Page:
Four Big Ideas from Design Indaba 2017
We pick the four designers/architects who stood out last week at Design Indaba in Cape Town.
Eschewing the typical TED-style talk format that has become ubiquitous with many design conferences today, last week’s Design Indaba in Cape Town, South Africa—the 22nd iteration of the event—played out more like a three-day long theatrical performance. The event featured creatives across the design spectrum, from illustration to industrial to architecture, and included both household names (Pentagram’s Michael Beirut, Airbnb’s Joe Gebbia, and Snøhetta’s Craig Dykers) as well as emerging creatives and recent design graduates from Amsterdam, Tokyo, London, and Chile.Below, four of the big ideas from the event.
Dokter and Misses + Cross-Disciplinary Inspiration
The event highlighted unexpected cross-disciplinary explorations — including renowned guitarist Kaki King sonically illustrating the work of information designer Giorgia Lupi, a choir christening Snøhetta’s prototype for a new memorial to Archbishop Desmond Tutu, and Pentagram’s Marina Waller introducing the trailer for her first feature film, Red Trees.
But my favorite cross-disciplinary project of the event was by Johannesburg-based design studio Dokter and Misses. For their presentation, Weird Dream, they used choreography and experimental performance art (think figures costumed in foam blocks, dancing onstage in front of a psychedelic presentation of home and office furniture) to represent their design projects and process. Run by duo Katy Taplin (a graphic designer) and Adriaan Hugo (an industrial designer), the studio’s eclectic Bauhaus-meets-South African aesthetic is influenced by everything from graphic design, art history, and sculpture to digital communication (according to Taplin, their recent Foreva XX line draws inspiration from emojis).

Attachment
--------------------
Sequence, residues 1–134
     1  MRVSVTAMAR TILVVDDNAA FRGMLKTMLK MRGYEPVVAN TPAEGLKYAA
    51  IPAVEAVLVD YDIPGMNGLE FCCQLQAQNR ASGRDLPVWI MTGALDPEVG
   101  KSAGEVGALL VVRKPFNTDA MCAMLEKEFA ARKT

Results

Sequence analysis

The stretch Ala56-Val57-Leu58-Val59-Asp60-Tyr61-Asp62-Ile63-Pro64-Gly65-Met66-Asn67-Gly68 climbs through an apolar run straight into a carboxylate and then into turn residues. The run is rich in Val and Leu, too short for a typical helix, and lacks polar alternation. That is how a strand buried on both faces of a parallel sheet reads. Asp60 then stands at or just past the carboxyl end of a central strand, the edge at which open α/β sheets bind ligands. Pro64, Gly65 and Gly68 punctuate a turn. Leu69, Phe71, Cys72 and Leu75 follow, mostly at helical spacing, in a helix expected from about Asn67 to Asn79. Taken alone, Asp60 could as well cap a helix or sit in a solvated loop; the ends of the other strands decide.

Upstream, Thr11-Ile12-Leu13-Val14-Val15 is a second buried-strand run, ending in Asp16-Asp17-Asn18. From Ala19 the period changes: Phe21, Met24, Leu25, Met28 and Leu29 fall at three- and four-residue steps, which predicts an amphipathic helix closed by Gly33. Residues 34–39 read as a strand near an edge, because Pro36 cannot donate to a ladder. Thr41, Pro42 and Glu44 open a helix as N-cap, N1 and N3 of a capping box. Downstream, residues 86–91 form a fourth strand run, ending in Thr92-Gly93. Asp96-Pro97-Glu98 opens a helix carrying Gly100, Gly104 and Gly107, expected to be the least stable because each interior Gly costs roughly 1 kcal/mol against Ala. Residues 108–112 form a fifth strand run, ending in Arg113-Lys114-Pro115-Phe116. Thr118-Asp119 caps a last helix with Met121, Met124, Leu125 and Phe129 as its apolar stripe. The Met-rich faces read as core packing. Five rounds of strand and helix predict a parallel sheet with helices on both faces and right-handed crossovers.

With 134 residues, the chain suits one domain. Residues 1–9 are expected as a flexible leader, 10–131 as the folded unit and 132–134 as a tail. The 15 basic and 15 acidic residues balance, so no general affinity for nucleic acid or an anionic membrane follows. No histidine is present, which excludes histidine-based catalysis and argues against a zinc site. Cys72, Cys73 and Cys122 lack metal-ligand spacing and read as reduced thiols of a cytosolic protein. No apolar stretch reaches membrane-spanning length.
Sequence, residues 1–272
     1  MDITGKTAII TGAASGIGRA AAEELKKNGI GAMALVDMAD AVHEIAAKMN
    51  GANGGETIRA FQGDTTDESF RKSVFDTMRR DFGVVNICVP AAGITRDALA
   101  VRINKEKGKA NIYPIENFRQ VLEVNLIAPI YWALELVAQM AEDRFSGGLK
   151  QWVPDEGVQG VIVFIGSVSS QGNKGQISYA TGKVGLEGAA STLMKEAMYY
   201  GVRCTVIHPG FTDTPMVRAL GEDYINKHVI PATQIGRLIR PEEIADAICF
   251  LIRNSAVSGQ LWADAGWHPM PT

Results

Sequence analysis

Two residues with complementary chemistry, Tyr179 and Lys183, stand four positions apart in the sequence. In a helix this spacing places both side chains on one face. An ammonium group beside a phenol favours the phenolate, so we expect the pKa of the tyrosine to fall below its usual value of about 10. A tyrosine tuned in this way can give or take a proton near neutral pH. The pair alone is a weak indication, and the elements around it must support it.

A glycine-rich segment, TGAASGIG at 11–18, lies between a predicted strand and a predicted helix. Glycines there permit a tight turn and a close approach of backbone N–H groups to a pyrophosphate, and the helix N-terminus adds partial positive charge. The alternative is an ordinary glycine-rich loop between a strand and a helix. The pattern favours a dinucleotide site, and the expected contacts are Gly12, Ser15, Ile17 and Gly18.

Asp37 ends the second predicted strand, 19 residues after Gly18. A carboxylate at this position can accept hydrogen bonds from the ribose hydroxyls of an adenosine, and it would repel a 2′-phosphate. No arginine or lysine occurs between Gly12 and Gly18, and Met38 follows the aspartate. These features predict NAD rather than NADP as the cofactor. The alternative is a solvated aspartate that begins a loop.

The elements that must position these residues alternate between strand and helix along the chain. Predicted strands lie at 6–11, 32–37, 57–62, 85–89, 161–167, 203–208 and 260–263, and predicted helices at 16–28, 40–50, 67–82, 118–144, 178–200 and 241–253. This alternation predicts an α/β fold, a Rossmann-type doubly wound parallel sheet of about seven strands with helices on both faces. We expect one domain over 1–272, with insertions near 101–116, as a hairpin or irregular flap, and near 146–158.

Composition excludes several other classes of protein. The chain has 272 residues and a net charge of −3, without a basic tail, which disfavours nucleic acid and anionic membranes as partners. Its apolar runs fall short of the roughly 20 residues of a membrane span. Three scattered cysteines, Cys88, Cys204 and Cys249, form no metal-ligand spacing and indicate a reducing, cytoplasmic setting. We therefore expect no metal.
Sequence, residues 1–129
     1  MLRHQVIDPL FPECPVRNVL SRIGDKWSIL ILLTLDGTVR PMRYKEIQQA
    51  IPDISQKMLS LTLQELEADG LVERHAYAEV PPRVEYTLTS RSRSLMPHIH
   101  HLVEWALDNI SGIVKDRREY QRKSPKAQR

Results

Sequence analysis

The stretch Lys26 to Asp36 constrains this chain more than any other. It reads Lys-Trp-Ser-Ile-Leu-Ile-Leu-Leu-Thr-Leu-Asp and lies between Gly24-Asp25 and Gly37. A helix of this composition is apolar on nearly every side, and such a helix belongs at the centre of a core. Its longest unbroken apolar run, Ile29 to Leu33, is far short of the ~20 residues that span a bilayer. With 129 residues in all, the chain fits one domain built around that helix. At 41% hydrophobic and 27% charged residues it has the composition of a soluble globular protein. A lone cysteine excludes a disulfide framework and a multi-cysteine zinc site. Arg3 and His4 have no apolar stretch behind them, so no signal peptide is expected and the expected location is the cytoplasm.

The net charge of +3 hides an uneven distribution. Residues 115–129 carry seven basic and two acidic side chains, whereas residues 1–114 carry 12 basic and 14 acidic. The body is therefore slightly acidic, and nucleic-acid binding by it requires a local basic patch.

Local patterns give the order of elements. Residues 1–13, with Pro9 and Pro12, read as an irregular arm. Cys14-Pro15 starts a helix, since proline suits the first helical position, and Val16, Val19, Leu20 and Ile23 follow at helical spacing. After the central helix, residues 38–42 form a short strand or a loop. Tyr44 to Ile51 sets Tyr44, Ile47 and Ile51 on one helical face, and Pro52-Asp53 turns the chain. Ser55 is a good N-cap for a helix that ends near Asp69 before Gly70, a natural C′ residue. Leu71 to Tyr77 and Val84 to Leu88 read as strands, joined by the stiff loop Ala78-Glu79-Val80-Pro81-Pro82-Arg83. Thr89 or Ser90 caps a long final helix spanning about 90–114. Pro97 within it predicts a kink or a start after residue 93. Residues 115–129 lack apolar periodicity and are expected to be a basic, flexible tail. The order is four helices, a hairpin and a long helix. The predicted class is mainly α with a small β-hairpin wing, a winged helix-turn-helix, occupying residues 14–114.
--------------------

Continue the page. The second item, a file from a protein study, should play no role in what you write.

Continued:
Another area that informs a lot of Doctor and Misses’ work? Music. Their evolving Easy Now collection of furniture and home goods is inspired by the album Easy Now by ‘slowcore’ musician Givan Lotz. The result is a more monochrome palette than they typically work with, ceramics with natural glazing, and more muted and calming designs.
MVRDV + Transparent Architecture
Winy Maas, principal at Rotterdam-based MVRDV Architects used his Design Indaba lecture as a call to action for designers to be more porous and transparent in their work. He notes air itself as an underutilized material in architecture. As an exception to this rule, Maas pointed to his mesmerizing and dizzying design for Rotterdam’s MarketHall, a four story glass encased food hall literally circled by 230 apartments that look down into the market. In Amsterdam, MVRDV has also used this transparent approach to literally combine old and new with their design for the new Chanel store. To fit within the required brick, historic aesthetic of the neighborhood (while still adding an element of whimsy and modernity), MVRDV used durable glass bricks held together by a glue typically found in dental work, an engineering solution that took over a year to develop.
IKEA + African Design
While the level of creativity and craft in African design has been steadily growing for years, we’re now starting to see that talent translating to a more global audience. That international commercialization got a major kickstart earlier this month with Ikea’s announcement of its first African-designed collection. During the conference, designers from across the continent worked directly with Ikea’s in-house design team to start the process of developing the collection, which is centered around the theme of modern rituals in the home.
“The creative explosion which is taking place in several cities around Africa right now is something IKEA is curious about,” said IKEA design manager Marcus Engman. “We want to learn from this and spread it to the rest of the world. Working together with these designers and creatives gives us the opportunity to do so.”
Yinka Ilori + Talking Chairs
Designer Yina Ilori, seated on some of his chair designs.
London-based furniture designer Yinka Ilori decided to present the design inspiration for his colorful, up-cycled furniture by literally bringing a Nigerian dance party to the stage (complete with renowned DJ Blinky Bill). Ilori’s work brings in memories of the people and places he encountered growing up in North London’s council estates (each element of his ‘If Chairs Could Talk’ collection is inspired by a different friend or family member of his). And he challenged the audience to consider the possibility that the chairs we sit in all day might have a life of their own:“Chairs hold so much emotion and feeling. What if chairs could talk? What if chairs could tell your secrets to the world?”